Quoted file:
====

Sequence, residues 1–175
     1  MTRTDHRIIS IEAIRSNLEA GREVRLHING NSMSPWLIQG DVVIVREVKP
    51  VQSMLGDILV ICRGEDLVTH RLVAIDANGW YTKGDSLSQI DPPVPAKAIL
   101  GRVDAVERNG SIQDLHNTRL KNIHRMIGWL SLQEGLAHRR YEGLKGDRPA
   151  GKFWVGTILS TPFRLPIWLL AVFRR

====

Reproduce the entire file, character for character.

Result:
Sequence, residues 1–175
     1  MTRTDHRIIS IEAIRSNLEA GREVRLHING NSMSPWLIQG DVVIVREVKP
    51  VQSMLGDILV ICRGEDLVTH RLVAIDANGW YTKGDSLSQI DPPVPAKAIL
   101  GRVDAVERNG SIQDLHNTRL KNIHRMIGWL SLQEGLAHRR YEGLKGDRPA
   151  GKFWVGTILS TPFRLPIWLL AVFRR